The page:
recreated animated treasures 1

2 10 2016

now that I got most of my favorite animated films in blu-ray I realized with pain I probably have to redo most of my recreated backgrounds. they were all done with screen captures from DVD’s. you can see in the recreated BG from disney’s SLEEPING BEAUTY below the big difference, so much more detail and it nearly looks like the original artwork in front of you. blu-ray even reveals sloppy jobs or painting mistakes once in a while. this forest BG might not exist like that in the disney archives, because it was painted in 3 different layers, a masterpiece! I am sure it was painted by EYVIND EARLE himself.


© disney enterprises, inc

style 9.6

1 10 2016



disney in space 2

30 07 2016


the DISNEYLAND episode MAN AND THE MOON aired dec.1955, directed by WARD KIMBALL. it was inbetween the other two episodes MAN IN SPACE and MARS AND BEYOND. the captured images are from a kind of funny segment about man’s fascination with the moon. again the style is more oriented towards a simplified UPA look, more still images than limited animation, but somehow the look and treatment is not very ‘kimball’-like. it looks more like an assistant took over.

man+moon 1

man+moon 2

man+moon 3

man+moon 4

man+moon 5

man+moon 6

man+moon 8

man+moon 9

man+moon 10

© disney enterprises, inc

style 9.5

28 07 2016


artists have always been inspired by other artists. otherwise impressionism or cubism had never developed and been explored by so many different artists. in animation disney first used children book illustrators like tenggren and nielsen as inspiration for the style of the first feature films. UPA was smaller and could afford to experiment with new looks, using modern art like dufy and modigliany, but as well upcoming cartoon and caricature stars like steinberg, searle and kurtzman for inspiration. later john hubley went even further with his shorts and a complete abstract look influenced by picasso, shahn and prestopino. I could continue this until today, where modern filmmakers get excited by art they accidentally find on the internet. it is so much easier today to look for reference or inspiration, everybody has a vast collection of art from museums, books, auctions or collectors at home available on the world wide web.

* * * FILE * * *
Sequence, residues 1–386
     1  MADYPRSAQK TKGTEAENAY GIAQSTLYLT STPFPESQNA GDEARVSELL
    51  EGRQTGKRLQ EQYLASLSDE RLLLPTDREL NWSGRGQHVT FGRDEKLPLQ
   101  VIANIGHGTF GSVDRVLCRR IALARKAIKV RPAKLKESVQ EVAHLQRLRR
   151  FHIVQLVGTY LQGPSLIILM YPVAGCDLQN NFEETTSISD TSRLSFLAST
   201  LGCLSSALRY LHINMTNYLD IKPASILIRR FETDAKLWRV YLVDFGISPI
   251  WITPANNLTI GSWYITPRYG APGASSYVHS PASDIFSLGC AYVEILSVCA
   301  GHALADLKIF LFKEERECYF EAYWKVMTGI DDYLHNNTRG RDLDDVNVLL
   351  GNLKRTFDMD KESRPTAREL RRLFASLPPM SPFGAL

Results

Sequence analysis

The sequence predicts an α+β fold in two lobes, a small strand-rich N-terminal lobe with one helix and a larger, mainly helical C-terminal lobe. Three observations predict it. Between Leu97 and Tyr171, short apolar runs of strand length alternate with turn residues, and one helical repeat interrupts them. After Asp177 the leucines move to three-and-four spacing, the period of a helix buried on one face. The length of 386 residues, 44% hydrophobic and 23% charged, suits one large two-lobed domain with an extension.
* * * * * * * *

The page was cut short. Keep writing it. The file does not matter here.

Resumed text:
I was always interested to find out how looks were developed in the past. it was like a guideline for my own work, to find ways for developing new styles. now I am trying to teach those secrets to new generations. difficult, because you have to first learn about all the existing art in the world, figurative and landscape or environmental art, get enough knowledge about films of the past – and, experience by analysis how the look of the most interesting films was developed. the real challenge starts when you try to develop your own style for a project. one piece is already tough, but then the problem is to create a whole series of environments in the same style.

human faces+art

faces in art 1

alex nino 12

25 07 2016


another one of ALEX NINO’S masterful pre-visualizations of the hun attack in disney’s MULAN

© disney enterprises / alex nino

comparison 9

20 02 2016

comparison A blog


bambi GG813


bambi recreated.rain-111


© disney enterprises, inc

comparison 8

18 02 2016

comparison A blog

rough small sketches in black/white like the following were done to define the value range, the light and shadow, as well as the staging of the animation in the scene. this is from the disney animated feature BAMBI in 1940. later that step was part of the WORKBOOK, the translation of the storyboard into ‘film-language’, where every single scene is prepared in staging, size and camera movements, as well as rough indication of light/shadow and a floorplan, to go from there into layout and later into the background department. during BAMBI that process was more simplified, because every major sequence had an own art director, who was the one defining these staging sketches, as well as the color script for that sequence. they supervised every single step during production, in a way they were ‘directing’ the visuals behind the animation. you can see little differences in handling the staging in this film. for example the climax of the film, the shooting of bambi and the fire was art-directed by john hubley, a master in cinematography. you get an idea when you look at his personal work later in new york.


here you can compare the initial rough planning of that scene and the final result…


bambi sc.40 DD0069

look at the little blue thumbnail on top, it is the rough for the next shot, the reverse camera angle…


bambi 0069 rev.39

© disney enterprises, inc